Restrictive Work Policies: Gaining Employee Buy-In

Topic(s): evidence based management, job attitudes, strategic HR
Publication: Organizational Behavior and Human Decision Processes (2013)
Article: Response to restrictive policies: Reconciling system justification and psychological reactance
Authors: Laurin, K., Kay, A. C., Proudfoot, D., & Fitzsimons, G. J.
Reviewed by: Rachel Williamson

In this day and age, many managers are finding themselves in the tough position of enforcing restrictive work policies on their employees. For example, a company may no longer allow vacation days to be taken during a busy week or on specific days of the week. This can be a tough position. Getting employee buy-in on restrictive work policies can prove quite challenging. Yet, the manager has to enforce what is best for the company, while at the same time keeping the employees content with their job. So, when enforcing a restrictive policy is necessary, how can managers simultaneously keep their employees happy?

This article looks at four studies that examined enforcing restrictive work policies in different scenarios, and how they helped or hurt employees’ adoption of the policies. Ultimately, these studies suggest that employees can be more hostile to policies, when the policy is presented as restrictive. However, when employees learn of a similarly restrictive policy, but aren’t given any indication that the policy is restrictive, they will not respond as negatively.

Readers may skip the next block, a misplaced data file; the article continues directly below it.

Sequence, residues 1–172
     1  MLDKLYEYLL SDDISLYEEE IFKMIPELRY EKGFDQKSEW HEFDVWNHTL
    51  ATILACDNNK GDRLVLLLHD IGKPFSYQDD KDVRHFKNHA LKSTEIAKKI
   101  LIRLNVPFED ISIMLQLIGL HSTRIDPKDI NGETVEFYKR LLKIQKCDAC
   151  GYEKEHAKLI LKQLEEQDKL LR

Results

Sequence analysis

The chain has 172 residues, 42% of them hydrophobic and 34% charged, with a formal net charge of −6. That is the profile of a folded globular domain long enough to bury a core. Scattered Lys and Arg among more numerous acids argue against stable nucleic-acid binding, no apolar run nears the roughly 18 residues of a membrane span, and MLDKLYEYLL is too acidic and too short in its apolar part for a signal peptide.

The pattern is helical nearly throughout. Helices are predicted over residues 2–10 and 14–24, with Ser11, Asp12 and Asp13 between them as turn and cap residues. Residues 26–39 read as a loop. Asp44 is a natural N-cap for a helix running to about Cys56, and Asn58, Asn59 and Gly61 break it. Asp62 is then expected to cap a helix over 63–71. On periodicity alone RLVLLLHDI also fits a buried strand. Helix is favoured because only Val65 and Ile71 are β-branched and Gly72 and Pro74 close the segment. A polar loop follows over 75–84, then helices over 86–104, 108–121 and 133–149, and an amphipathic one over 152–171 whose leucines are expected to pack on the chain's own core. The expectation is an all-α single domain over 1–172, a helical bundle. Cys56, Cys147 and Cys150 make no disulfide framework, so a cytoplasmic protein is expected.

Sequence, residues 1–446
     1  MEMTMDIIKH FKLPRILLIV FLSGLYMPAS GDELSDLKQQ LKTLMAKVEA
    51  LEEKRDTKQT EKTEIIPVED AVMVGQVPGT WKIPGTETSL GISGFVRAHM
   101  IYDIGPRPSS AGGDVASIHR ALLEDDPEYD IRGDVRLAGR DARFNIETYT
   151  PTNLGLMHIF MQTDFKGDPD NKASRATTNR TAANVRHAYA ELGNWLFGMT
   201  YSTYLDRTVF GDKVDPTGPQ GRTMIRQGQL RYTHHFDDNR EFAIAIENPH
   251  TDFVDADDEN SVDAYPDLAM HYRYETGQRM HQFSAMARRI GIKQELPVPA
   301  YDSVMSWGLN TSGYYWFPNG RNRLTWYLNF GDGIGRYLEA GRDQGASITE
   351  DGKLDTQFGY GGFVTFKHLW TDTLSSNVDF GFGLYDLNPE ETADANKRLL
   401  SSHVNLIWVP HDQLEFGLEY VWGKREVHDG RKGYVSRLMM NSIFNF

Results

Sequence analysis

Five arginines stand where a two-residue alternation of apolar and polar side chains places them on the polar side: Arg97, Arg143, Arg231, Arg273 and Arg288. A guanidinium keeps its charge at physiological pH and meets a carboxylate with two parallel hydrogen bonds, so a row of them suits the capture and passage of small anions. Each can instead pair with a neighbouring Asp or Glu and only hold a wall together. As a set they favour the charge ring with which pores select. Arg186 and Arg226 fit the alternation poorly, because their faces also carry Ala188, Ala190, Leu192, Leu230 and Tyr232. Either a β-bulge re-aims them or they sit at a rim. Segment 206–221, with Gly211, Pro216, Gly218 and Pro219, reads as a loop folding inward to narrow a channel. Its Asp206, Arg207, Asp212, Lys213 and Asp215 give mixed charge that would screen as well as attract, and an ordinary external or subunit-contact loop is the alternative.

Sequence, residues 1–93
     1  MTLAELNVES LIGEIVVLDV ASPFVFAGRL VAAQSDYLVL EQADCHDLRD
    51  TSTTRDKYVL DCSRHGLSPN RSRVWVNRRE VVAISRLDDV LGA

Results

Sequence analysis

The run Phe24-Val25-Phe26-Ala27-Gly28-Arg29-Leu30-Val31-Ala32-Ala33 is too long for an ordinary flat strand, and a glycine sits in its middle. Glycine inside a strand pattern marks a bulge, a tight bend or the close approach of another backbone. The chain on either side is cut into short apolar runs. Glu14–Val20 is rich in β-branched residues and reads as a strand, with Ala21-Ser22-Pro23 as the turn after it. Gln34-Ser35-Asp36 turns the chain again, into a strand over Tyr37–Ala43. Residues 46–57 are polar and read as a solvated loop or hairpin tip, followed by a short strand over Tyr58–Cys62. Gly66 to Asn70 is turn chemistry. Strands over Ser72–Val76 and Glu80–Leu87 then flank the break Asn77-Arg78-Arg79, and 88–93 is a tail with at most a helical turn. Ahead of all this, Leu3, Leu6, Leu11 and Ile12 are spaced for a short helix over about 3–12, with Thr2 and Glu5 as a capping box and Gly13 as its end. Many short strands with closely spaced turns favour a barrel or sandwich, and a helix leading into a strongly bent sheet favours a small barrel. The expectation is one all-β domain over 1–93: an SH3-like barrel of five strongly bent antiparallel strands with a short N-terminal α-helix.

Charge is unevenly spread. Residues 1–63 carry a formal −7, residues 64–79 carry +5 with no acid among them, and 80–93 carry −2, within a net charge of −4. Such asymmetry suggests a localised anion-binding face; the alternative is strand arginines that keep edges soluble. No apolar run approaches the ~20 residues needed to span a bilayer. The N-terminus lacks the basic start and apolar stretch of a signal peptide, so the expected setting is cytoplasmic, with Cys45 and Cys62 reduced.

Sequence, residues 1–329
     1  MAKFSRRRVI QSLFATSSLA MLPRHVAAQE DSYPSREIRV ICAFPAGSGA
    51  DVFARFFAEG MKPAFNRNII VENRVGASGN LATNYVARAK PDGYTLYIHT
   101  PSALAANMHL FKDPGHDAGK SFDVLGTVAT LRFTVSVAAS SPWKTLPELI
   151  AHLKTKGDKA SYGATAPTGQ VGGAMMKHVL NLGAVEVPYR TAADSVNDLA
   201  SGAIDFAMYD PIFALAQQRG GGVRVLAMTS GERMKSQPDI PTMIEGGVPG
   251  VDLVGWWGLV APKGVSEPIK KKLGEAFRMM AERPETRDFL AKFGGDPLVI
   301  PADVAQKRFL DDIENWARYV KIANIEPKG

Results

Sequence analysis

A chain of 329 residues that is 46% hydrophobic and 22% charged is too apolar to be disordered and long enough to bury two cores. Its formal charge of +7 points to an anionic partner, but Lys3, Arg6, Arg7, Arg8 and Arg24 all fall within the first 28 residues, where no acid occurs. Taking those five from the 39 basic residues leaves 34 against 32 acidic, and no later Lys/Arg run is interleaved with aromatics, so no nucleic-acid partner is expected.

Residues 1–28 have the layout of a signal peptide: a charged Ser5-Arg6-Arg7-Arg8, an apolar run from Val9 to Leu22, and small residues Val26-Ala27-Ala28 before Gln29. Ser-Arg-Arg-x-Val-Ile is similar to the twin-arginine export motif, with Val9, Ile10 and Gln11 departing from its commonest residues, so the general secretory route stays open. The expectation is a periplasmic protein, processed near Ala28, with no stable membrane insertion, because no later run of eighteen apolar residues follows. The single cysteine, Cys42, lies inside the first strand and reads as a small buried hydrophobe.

For organizations, this means, when enforcing a restrictive work policy, careful phrasing and presentation is important. If the policy is introduced without indications that it is restrictive, many employees will justify the organization’s need for the policy.

The authors of this article did not specifically argue organizations should always use this tactic to enforce restrictive policies on their employees more easily. However, it a good tool, allowing management to do what is best for the organization, without triggering negative feelings in those affected. Of course, this tactic should be orchestrated in the background and not openly discussed. It is important to note too, that even if this tactic is employed, employees may still arrive at their own conclusions that a policy is restrictive. Rather than this being the go-to tactic for restrictive work policies, it may be a better fit for organizations having a difficult time with employee buy-in. If organizations are able to sell restrictive work policies to employees without identifying that the policy is restrictive, the employees may subconsciously justify the policy, allowing the organization to have an easier time putting the policy into action.